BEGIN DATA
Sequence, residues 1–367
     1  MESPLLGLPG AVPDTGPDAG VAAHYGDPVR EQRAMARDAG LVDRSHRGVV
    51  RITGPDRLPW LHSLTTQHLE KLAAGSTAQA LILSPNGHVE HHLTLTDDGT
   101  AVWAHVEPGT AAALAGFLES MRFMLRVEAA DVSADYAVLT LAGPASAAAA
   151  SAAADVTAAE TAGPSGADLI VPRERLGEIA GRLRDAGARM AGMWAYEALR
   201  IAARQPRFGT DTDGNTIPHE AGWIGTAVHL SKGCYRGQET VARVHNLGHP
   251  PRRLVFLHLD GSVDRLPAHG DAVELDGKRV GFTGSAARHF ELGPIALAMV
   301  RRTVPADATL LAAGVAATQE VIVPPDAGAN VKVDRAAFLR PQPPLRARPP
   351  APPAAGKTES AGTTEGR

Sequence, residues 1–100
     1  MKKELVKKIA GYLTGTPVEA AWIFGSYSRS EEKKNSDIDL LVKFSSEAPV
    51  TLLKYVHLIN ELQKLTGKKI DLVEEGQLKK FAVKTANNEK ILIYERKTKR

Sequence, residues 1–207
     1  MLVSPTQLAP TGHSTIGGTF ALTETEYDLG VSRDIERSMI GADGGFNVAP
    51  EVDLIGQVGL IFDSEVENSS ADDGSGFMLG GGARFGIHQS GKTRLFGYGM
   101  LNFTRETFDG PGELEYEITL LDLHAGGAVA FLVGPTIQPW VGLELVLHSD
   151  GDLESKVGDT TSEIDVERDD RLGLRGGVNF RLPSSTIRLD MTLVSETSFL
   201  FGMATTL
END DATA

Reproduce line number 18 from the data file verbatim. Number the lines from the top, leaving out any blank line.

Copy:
   201  FGMATTL